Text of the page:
The risk of tuberculosis (TB) is variable among individuals with latent Mycobacterium tuberculosis infection (LTBI), but validated estimates of personalized risk are lacking. In pooled data from 18 systematically identified cohort studies from 20 countries, including 80,468 individuals tested for LTBI, 5-year cumulative incident TB risk among people with untreated LTBI was 15.6% (95% confidence interval (CI), 8.0–29.2%) among child contacts, 4.8% (95% CI, 3.0–7.7%) among adult contacts, 5.0% (95% CI, 1.6–14.5%) among migrants and 4.8% (95% CI, 1.5–14.3%) among immunocompromised groups. We confirmed highly variable estimates within risk groups, necessitating an individualized approach to risk stratification. Therefore, we developed a personalized risk predictor for incident TB (PERISKOPE-TB) that combines a quantitative measure of T cell sensitization and clinical covariates. Internal–external cross-validation of the model demonstrated a random effects meta-analysis C-statistic of 0.88 (95% CI, 0.82–0.93) for incident TB. In decision curve analysis, the model demonstrated clinical utility for targeting preventative treatment, compared to treating all, or no, people with LTBI. We challenge the current crude approach to TB risk estimation among people with LTBI in favor of our evidence-based and patient-centered method, in settings aiming for pre-elimination worldwide.
Bibliographical noteFunding Information:
J.S.D.’s institution receives investigator-initiated research grants and consultancy income from Gilead Sciences, AbbVie, Bristol Myers Squibb and Merck. The Burnet Institute receives funding from the Victorian Government Operational Infrastructure Fund. C.L. reports honoraria from Chiesi, Gilead, Insmed, Janssen, Lucane, Novartis, Oxoid, Berlin Chemie (for participation at sponsored symposia) and Oxford Immunotec (to attend a scientific advisory board meeting), all outside of the submitted work. M.S. reports receipt of test kits free of charge from Qiagen and from Oxford Immunotec for investigator-initiated research projects. I.A. reports receiving test kits free of charge from Qiagen for an investigator-initiated research project25.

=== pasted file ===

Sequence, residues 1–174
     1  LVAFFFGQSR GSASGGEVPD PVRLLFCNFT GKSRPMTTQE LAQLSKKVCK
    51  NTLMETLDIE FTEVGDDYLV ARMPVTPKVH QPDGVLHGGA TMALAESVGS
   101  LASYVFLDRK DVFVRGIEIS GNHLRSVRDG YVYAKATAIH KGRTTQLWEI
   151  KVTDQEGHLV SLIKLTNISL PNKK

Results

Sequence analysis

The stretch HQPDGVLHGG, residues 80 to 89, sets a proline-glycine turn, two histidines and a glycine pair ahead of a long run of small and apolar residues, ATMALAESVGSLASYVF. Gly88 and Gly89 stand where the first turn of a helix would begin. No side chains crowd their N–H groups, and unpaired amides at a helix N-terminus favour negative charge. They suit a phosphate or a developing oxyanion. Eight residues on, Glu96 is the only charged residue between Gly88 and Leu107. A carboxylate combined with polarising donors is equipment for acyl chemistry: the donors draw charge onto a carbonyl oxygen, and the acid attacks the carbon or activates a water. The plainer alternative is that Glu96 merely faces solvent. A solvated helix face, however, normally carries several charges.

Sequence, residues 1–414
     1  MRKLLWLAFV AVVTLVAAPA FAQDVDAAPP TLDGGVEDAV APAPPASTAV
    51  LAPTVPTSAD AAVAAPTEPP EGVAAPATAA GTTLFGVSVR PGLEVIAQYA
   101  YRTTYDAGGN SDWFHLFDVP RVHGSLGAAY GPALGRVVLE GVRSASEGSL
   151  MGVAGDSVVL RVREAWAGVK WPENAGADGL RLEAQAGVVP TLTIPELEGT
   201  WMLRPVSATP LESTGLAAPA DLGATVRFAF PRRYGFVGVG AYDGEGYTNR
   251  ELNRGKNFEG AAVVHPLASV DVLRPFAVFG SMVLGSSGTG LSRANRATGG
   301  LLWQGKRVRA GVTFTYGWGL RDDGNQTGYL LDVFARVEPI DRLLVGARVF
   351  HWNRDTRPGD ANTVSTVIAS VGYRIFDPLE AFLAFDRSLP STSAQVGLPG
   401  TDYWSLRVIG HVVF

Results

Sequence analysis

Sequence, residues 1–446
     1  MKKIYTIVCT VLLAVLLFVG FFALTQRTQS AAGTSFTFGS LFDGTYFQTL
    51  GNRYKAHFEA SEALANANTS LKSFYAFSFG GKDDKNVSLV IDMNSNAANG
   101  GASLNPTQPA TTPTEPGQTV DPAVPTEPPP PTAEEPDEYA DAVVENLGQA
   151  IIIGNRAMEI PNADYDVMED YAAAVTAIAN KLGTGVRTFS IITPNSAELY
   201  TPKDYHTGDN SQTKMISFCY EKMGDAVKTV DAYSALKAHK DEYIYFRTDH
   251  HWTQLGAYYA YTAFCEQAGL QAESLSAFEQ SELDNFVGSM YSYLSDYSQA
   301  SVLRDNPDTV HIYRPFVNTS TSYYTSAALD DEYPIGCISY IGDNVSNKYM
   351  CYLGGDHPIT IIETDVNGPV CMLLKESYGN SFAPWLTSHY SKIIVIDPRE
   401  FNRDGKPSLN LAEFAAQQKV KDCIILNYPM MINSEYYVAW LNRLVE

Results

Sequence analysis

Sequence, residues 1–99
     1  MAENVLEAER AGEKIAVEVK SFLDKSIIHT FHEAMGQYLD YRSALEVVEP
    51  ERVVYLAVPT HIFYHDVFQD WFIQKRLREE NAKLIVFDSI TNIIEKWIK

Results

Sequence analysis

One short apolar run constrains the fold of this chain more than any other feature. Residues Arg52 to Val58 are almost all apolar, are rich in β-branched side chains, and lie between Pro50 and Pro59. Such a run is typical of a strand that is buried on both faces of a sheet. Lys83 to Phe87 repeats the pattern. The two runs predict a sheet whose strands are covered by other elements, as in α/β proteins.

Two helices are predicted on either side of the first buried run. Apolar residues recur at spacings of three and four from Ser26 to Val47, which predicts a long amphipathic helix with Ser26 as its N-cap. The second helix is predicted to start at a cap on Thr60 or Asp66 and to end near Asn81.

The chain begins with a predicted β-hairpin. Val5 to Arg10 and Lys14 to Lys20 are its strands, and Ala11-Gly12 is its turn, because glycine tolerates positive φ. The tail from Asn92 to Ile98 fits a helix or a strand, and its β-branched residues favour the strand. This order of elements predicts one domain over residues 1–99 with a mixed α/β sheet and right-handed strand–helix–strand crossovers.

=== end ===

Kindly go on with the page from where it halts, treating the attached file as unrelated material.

This study was funded by the National Institute for Health Research (NIHR) (DRF-2018–11-ST2-004 to R.K.G. and SRF-2011-04-001 and NF-SI-0616-10037 to I.A.), the Wellcome Trust (207511/Z/17/Z to M.N.) and NIHR biomedical research funding to University College London Hospitals. C.L. is funded by the German Center for Infection Research. J.S.D. receives salary support from the National Health and Medical Research Council (Australia). This paper presents independent research supported by the NIHR. The views expressed are those of the authors and not necessarily those of the National Health Service, the NIHR or the Department of Health and Social Care. The study funders had no role in the conceptualization, design, data collection, analysis, decision to publish or preparation of the manuscript. The authors would like to thank all of the research teams involved in the primary studies that contributed data for this analysis.
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